Training can take many forms. Those of you who caught my article on managing freelancers will know I’m a big fan of facilitated learning. By providing employees with the opportunity to take on new responsibilities, you give them the freedom to develop their skills organically, solving problems and adjusting their strategy to create an approach that works for them.
Of course, self-learning has its limits, and there are situations where having someone with experience on-hand to offer advice is invaluable. Assigning a mentor to help an individual develop their managerial skills is a great way to ensure they are ready when the time comes to take on a leadership role.
Mentors are facilitators rather than instructors. They provide advice and guidance, but it is the mentee who takes responsibility for the outcome. Encouraging future managers to own a solution boosts their confidence, promotes critical thinking and encourages high performers to move from an individual ‘what do I need to accomplish’ mentality to a wider, team perspective.
Exposing potential managers to leadership situations means that, when they do make the jump, they have a thorough understanding of what is expected of them. It also gives individuals the opportunity to identify which skills they need to work on and where their strengths lie.
Enabling promising candidates to shadow other leaders is one of the best ways to deliver this perspective. Placing them in departments outside of their own offers a number of other advantages, broadening individual understanding of wider organisational goals and strengthening interdepartmental relationships.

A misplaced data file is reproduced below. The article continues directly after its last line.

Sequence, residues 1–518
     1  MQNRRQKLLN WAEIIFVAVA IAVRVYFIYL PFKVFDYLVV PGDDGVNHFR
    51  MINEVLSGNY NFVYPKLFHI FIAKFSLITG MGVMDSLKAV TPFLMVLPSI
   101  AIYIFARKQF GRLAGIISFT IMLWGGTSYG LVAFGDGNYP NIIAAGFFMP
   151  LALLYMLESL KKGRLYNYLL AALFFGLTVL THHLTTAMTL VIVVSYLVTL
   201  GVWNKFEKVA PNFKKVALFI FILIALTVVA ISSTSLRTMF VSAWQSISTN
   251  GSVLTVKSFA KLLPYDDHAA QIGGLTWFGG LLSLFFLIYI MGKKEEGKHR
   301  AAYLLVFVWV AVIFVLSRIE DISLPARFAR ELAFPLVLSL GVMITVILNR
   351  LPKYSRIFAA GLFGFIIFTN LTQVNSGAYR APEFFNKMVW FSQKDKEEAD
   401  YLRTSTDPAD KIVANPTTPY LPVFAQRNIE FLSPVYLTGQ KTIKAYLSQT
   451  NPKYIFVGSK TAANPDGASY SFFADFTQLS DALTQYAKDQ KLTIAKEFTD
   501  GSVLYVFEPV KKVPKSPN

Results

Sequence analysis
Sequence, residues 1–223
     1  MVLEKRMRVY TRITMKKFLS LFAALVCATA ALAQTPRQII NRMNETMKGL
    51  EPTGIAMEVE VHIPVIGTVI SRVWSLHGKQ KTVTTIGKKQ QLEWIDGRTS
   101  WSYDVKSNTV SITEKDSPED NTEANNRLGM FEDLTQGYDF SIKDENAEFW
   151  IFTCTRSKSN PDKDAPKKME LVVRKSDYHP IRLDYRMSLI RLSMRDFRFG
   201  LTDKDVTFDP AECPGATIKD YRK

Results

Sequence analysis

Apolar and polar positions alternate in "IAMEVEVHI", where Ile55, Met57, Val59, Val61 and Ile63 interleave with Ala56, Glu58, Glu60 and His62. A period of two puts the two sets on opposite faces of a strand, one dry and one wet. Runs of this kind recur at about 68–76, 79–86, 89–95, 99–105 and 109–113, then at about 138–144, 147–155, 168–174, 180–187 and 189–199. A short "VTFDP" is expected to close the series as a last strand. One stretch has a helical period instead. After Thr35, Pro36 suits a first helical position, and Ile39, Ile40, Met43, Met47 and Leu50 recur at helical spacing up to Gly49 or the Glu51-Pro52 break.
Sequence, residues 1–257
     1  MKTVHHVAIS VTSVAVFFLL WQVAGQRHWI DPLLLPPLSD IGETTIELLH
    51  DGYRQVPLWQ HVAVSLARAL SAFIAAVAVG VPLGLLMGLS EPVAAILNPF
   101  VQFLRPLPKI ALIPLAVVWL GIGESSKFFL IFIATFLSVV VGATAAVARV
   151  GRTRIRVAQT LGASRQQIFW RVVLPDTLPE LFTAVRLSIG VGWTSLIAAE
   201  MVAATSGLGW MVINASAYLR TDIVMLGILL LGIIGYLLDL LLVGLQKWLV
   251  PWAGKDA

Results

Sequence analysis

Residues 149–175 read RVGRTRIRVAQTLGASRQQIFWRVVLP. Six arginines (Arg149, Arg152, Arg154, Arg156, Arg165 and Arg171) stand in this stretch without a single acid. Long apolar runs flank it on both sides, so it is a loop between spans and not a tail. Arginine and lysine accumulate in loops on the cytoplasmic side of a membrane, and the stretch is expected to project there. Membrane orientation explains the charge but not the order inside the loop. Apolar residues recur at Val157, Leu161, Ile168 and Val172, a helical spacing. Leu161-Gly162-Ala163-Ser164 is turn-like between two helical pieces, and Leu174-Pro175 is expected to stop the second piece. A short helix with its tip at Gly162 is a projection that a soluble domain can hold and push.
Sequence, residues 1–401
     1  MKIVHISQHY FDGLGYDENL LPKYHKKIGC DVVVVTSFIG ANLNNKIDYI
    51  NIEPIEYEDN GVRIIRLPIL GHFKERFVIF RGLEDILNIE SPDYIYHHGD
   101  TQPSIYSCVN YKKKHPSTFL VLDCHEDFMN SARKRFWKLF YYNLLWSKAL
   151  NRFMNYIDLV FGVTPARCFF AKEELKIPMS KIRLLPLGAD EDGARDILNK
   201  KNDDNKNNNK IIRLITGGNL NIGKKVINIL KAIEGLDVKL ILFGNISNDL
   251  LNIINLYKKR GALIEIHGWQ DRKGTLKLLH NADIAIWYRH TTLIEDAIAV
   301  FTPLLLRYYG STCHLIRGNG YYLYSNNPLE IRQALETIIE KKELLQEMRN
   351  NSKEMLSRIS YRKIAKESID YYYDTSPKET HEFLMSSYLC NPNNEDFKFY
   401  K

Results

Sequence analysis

Providing cover during a leader’s absence is another way for potential managers to hone their skills and gain much needed experience.
Open discussions of employees’ long-term goals, strengths and weaknesses feature highly in all the best performance management systems. If, with experience of management, individuals are still keen to move up, then place them in a team leader or junior management role. If, however, an individual decides leadership is not suited to them, help them expand their role to make the best use of their strengths and skills.
Don’t forget, even with the appropriate groundwork, a promotion does not create a leader. New managers need ongoing coaching and development from senior staff to help them succeed in their new roles⁵. Check out my article on the seven skills all exceptional leaders need for an in-depth look at what it takes to make a manager.
To Sum Up…
Leadership is not a natural progression; it takes time, training, and support to turn high performers into fantastic managers.
What did your career progression look like? Feel free to share your experiences, I’d love to hear your take on management training and progression.
¹Muller and Turner, 2010. Leadership competency profiles of successful project
managers. International Journal of Project Management, 28. pp. 437- 448.
²Cartwright and Holmes, 2006. The meaning of work: the challenge of regaining employee engagement and reducing cynicism. Human Resource Management Review, 16. pp. 199 – 208.
³White, 2010. The micro-management disease: symptoms, diagnosis and cure. Public Personnel Management, 39 (1).
⁴Kosteas, 2011. Job satisfaction and promotions. Cleveland State University (Thesis).
⁵Dragoni et al., 2009. Understanding managerial development: integrating developmental assignments, learning orientation, and access to developmental opportunities in predicting managerial competencies. Academy of Management Journal, 52 (4), pp. 731-743.